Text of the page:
nLab
Russell's paradox

Context

Foundations

Type theory

natural deduction metalanguage, practical foundations

  1. type formation rule
  2. term introduction rule
  3. term elimination rule
  4. computation rule

type theory (dependent, intensional, observational type theory, homotopy type theory)

syntax object language

computational trinitarianism = propositions as types +programs as proofs +relation type theory/category theory

logiccategory theorytype theory
trueterminal object/(-2)-truncated objecth-level 0-type/unit type
falseinitial objectempty type
proposition(-1)-truncated objecth-proposition, mere proposition
proofgeneralized elementprogram
cut rulecomposition of classifying morphisms / pullback of display mapssubstitution
cut elimination for implicationcounit for hom-tensor adjunctionbeta reduction
introduction rule for implicationunit for hom-tensor adjunctioneta conversion
conjunctionproductproduct type
disjunctioncoproduct ((-1)-truncation of)sum type (bracket type of)
implicationinternal homfunction type
negationinternal hom into initial objectfunction type into empty type
universal quantificationdependent productdependent product type
existential quantificationdependent sum ((-1)-truncation of)dependent sum type (bracket type of)
equivalencepath space objectidentity type
equivalence classquotientquotient type
inductioncolimitinductive type, W-type, M-type
higher inductionhigher colimithigher inductive type
completely presented setdiscrete object/0-truncated objecth-level 2-type/preset/h-set
setinternal 0-groupoidBishop set/setoid
universeobject classifiertype of types
modalityclosure operator, (idemponent) monadmodal type theory, monad (in computer science)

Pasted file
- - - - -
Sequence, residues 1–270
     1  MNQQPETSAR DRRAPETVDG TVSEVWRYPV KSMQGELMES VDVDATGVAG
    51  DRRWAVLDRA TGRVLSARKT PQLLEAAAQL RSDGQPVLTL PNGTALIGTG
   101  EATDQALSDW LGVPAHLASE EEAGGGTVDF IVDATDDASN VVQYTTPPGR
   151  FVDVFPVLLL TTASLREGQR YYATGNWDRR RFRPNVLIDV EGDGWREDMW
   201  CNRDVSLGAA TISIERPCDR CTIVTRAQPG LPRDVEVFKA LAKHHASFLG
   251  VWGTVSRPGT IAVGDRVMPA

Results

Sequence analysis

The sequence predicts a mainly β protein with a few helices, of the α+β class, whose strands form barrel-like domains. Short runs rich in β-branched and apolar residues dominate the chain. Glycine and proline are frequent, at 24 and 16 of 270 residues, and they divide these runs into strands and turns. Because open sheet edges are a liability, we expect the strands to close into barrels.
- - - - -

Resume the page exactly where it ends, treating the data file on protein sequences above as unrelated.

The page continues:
linear logic(symmetric, closed) monoidal categorylinear type theory/quantum computation
proof netstring diagramquantum circuit
(absence of) contraction rule(absence of) diagonalno-cloning theorem
synthetic mathematicsdomain specific embedded programming language

homotopy levels

semantics

Russell's paradox

Idea

Russell’s paradox is a famous paradox of set theory1 that was first observed in 1902 by Ernst Zermelo and then, independently, shortly afterwards by the logician Bertrand Russell. The paradox received instantly wide attention as it lead to a contradiction in Frege’s monumental “Foundations of Arithmetic” (1893/1903) whose second volume was just about to go to print when Frege was informed about the inconsistency by Russell.

The paradox entangles a concept with its own extension in a vicious circle. The attempt to overcome this circularity in set formation had a huge impact on subsequent forms of axiomatic set theory and in the aftermath mathematical logic became heavily focussed on consistency proofs for fully specified formal theories: the paradoxes triggered a shift in the foundation of mathematics away from the mathematics to the foundation itself.

Statement

Doch zur Sache selbst! Herr Russell hat einen Widerspruch aufgefunden, der nun dargelegt werden mag. Frege (1903, p.253)